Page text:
Something sobering to ponder about.

If you need help or wish to talk to someone:



20 thoughts on “Left to Pick Up the Pieces”

  1. A dreadful event, hundred and fifty people all dead. I can well imagine the pain of all the people who lost someone in that dreadful accident . One never gets over it but it does get easier as time goes by. The good things and memories of loved ones are finally the ones we live by and it does give the strenght to keep going.

    Liked by 1 person

  2. Cowardly and selfish are the two words that are used to define the individual that takes their own life. Sadly, all to often a person struggling with a mental illness are literally unable to understand the impact their death will bring to those who love them. While there are the murderous and vile individuals who blow themselves up in a crowded arena for beliefs none of us can understand, there is also the very sick that cannot, in any way understand anything of sense when they become increasingly distraught.

    I am a survivor of a suicide attempt. After the birth of my firstborn I suffered Postpartum psychosis, with audible and visual hallucinations. (I’d given birth naturally, no medications.). What I would like for people to know: there are times when no matter what we do, or how we talk to ourselves, the thought of suicide is feels like our only option.

    If we want to help those who are sick and deranged we need to begin at square one. We MUST break the shame and stigma that defines mental illness. There are thousands of people that are so ashamed to admit that they are unfit, mentally. They struggle to hold on, all the while knowing that they cannot seek help. They will be ostracized, shunned and sadly, rejected, making their torment all the more inclusive.

    Thank you so much for writing about this horrendously tragic event. I have no way of understanding the co-pilots actions. Was he psychotic? We will most likely never know. Was he a sociopath, choosing to take out as many lives as possible? Again, we may never know.

    My heart goes out to everyone affected by this tragedy. I simply cannot fathom all that it encompasses. Not only have family members lost their dearly loved and cherished family members, but the rescue and first responders lives have been forever changed. My heart breaks for everyone.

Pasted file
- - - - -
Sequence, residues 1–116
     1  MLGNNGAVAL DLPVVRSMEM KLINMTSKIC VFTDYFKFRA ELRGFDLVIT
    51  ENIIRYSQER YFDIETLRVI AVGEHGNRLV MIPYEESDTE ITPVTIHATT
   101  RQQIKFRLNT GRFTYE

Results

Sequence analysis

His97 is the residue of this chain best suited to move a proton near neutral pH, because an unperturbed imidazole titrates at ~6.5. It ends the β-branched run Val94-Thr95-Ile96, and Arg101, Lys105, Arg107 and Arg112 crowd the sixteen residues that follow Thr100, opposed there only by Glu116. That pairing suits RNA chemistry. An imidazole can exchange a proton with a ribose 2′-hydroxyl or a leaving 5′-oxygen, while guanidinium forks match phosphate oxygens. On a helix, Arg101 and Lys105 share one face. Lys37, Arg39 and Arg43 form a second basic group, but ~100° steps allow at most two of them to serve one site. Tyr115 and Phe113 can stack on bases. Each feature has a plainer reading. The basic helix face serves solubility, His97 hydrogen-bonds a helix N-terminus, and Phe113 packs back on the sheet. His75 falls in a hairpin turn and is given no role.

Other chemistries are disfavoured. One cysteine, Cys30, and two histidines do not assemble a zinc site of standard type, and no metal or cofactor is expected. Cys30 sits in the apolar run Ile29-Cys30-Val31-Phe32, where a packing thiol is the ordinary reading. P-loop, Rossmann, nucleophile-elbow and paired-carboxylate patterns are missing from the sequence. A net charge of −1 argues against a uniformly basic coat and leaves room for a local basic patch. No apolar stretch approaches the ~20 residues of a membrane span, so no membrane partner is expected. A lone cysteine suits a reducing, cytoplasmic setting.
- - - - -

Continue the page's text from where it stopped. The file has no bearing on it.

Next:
Liked by 1 person

    1. You thank me for writing about this but I am the one that should thank you for your extensive, informative and constructive comment. I will not elucidate my experiences in this regard, but can say I know the stigma you speak of is widespread even amongst medical persons. I also well understand certain mental illnesses prevent the sufferer from comprehending their actions. But some do… In both cases. It is tragic and my heart goes out to all. I commend you for your strength in not just overcoming what sounds like a very difficult time for you, but also your courage in speaking up. We must all speak more about these issues and hopefully reduce the stigma surrounding them and help all involved to know there is always another option than suicide, even if that is not clear at the time. Thank you once again. I really appreciate your comment and adding to the discussion.

      Liked by 1 person

      1. It is difficult to write about, excruciatingly painful to endure, yet so necessary that neither side hold out on their understandings.

        You did a great service by writing openly about this case. As heinous as his attack was, and it was an attack upon the innocent, we will never be able to answer, “why?” But we can go forward knowing that an open dialog is a first step for all of us.

        Thank you so much for your thoughtful words. My greatest hope is that no one is ostracized when they do come forward. To me, that is the most grievous act of bullying. I fear that is the number one reason people withdraw, cornering themselves away from resources that CAN and DO work. Evidently this co-pilot had been working with a doctor, or doctors. It was evident to at least one other person that he was too ill to work.